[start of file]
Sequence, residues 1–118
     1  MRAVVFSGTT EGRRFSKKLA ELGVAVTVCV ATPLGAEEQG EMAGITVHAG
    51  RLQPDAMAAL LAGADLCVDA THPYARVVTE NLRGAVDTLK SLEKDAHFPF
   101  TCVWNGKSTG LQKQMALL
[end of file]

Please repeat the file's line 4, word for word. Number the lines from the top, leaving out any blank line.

   101  TCVWNGKSTG LQKQMALL